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| |-+  Animals and Pets (Moderator: admin)
| | |-+  Owners May Pass Superbugs to Their Pets
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Author Topic: Owners May Pass Superbugs to Their Pets  (Read 2289 times)
Soldier4Christ
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« on: March 22, 2006, 05:08:51 PM »


People can get plenty of diseases from animals _ bird flu, for one.

Now there are signs dogs and cats can catch a dangerous superbug from people. At a large Philadelphia veterinary hospital, scientists report that over a three-year period, 38 dogs, cats and other pets caught a drug-resistant staph infection.

They think six of the animals caught the bug from hospital workers. But it's likely that at least some of the other cases were spread to pets by their owners, said Shelley Rankin, chief of clinical microbiology at Penn's School of Veterinary Medicine.

"I don't think its necessarily that you come home and pat Fluffy on the head and then Fluffy gets sick," said Rankin, who presented the data this week at a medical conference in Atlanta.

But given that an estimated 1 in every 100 people carry such bacteria in their noses, it could be transmitted by closer contact, she added.

"We pick them up, kiss them on the face. We let them lick us," she said. "Then they lick their skin."

The animals were infected with methicillin-resistant Staphylococcus aureus, a bacterial infection that is typically hard to treat, although all the pets recovered.

They included 26 dogs, eight cats, three parrots and one rabbit. The dogs developed skin and ear infections. The cats got urinary tract infections; the parrots, skin infections; the rabbit, an ear infection. In people, the germ often appears as a nasty skin infection but can also cause other symptoms.

Researchers don't know if the bacteria spreads from animal to animal, although dogs don't naturally harbor it.

The animals may have caught the bug at other vet clinics before they arrived at Penn's Ryan Veterinary Hospital or they may have caught it from their owners, Penn researchers said.

Last year, Penn's veterinary and human medical schools began a study of the health of pets and their owners. Researchers initially are looking at 25 owner-animal pairs, but want to expand that number.

For more than a decade, medical journals have carried occasional reports of human-to-animal transmission of such infections. Journals also have reported animal-to-human transmission.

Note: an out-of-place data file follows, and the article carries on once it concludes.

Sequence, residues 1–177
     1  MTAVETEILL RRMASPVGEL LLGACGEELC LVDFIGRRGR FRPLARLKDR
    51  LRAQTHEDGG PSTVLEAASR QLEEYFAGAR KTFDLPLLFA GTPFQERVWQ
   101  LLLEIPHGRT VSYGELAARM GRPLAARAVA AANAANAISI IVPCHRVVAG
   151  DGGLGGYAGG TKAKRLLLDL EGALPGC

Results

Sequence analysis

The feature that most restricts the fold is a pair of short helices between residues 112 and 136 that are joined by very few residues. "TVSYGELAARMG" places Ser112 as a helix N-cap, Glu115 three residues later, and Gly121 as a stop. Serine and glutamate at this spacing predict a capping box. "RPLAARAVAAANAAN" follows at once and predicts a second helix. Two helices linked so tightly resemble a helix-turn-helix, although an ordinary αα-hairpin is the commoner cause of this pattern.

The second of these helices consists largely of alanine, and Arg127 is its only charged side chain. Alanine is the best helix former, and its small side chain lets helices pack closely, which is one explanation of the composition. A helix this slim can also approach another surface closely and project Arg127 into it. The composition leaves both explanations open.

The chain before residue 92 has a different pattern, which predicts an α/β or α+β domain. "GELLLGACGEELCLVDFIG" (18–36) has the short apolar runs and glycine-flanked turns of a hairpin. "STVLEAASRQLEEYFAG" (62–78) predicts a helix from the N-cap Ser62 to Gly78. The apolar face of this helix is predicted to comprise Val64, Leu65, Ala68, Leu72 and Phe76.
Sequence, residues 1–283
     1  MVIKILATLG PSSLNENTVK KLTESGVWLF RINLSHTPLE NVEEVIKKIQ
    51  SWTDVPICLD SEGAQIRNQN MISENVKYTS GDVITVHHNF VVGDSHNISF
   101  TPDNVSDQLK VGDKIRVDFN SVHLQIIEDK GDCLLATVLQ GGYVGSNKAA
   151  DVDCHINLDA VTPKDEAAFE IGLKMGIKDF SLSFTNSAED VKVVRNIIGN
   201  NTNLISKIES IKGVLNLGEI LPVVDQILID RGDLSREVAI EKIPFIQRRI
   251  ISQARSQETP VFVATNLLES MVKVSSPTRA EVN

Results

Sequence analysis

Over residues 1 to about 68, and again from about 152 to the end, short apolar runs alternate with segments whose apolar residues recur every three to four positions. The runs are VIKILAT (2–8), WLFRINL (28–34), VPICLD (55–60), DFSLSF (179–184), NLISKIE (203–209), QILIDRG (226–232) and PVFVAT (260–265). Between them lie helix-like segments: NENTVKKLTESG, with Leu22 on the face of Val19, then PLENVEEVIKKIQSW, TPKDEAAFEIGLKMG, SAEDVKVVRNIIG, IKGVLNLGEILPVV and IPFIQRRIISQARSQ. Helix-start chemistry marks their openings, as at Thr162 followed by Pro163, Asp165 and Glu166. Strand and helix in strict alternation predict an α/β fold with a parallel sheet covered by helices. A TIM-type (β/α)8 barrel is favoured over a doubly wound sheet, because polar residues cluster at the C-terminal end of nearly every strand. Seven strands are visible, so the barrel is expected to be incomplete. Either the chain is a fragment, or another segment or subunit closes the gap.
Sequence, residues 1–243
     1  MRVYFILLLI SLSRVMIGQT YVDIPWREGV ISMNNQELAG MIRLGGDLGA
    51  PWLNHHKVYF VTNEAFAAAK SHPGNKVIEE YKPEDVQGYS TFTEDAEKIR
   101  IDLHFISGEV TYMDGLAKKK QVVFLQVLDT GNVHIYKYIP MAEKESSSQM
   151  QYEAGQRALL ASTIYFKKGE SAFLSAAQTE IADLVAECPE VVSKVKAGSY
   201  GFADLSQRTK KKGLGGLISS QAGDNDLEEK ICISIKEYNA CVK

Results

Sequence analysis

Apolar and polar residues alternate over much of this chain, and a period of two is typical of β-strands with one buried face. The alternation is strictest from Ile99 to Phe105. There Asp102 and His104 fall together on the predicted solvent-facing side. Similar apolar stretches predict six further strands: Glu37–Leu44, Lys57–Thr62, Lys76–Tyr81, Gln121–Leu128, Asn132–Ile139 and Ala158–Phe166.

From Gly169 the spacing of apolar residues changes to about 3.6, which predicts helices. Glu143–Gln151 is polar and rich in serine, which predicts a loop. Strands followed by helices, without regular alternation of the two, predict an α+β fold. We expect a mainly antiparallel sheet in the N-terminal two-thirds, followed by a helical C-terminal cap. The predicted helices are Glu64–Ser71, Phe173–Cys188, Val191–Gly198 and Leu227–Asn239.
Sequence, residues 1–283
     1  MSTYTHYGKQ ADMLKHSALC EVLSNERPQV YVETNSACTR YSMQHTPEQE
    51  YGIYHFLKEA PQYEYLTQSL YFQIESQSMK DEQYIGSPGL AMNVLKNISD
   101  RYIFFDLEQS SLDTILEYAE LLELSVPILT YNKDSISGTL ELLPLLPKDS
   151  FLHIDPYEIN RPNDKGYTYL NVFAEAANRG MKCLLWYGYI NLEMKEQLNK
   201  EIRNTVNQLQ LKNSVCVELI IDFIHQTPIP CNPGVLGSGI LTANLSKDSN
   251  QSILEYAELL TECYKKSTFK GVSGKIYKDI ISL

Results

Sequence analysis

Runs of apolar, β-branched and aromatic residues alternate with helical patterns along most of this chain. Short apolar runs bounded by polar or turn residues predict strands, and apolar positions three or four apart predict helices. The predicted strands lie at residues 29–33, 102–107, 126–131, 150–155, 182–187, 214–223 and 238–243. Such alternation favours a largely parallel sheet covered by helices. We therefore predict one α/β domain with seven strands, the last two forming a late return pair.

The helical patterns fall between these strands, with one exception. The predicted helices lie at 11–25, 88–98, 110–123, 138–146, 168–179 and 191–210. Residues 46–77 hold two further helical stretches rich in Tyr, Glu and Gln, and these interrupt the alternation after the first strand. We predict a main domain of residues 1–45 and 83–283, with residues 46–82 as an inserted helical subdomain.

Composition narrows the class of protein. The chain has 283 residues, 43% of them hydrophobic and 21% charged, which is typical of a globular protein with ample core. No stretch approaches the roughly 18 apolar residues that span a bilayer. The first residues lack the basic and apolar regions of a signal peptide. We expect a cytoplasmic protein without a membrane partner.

Georgia Veterinary Specialists _ a large animal hospital in the Atlanta suburb of Sandy Springs _ saw only two methicillin-resistant staph infections in the thousands of animals it cared for in the past year.

Looking for such infections in animals and their owners is a new endeavor, said Mark Dorfman, a veterinarian and owner of the hospital. "It's still very much in its infancy," he said.
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« Reply #1 on: August 03, 2007, 04:55:34 PM »

i think that the biggest problem with viruses is the fact that we have been brough up in a time where we are supposed to go get vaccinated for every virus possible, but what about when there was no vaccinations?

i had none and i was always outside with the animals on the farms and getting dirty.  my nan always used to say " you will eat a tun o dirt before you die" and when i think back i think she is right.  like me she had no vaccinations etc and both of are healthy people.  i dont get colds and most viruses i can repel but my boys had the vaccinations and they are so very different to me. 

these viruses mutate over the years to become imune to the vaccinations that we have and the treatments that we have making them far worse that they was originally.

we have always been able to get ring worm from livestock but it is easily treated.  as for the bird flue, well i am no expert but from what i read of the defra reports the people that was affected was working very closely with poultry and they lived with them as well so they was breathing in the spores and dust from the birds which would probably make them ill anyway regardless whether it was bird flue or not
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